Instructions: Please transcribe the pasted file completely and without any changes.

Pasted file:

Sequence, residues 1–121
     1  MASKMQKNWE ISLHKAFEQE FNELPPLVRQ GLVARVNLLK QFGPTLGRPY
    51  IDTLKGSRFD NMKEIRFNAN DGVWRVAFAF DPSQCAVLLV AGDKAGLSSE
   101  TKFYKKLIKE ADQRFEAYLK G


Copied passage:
Sequence, residues 1–121
     1  MASKMQKNWE ISLHKAFEQE FNELPPLVRQ GLVARVNLLK QFGPTLGRPY
    51  IDTLKGSRFD NMKEIRFNAN DGVWRVAFAF DPSQCAVLLV AGDKAGLSSE
   101  TKFYKKLIKE ADQRFEAYLK G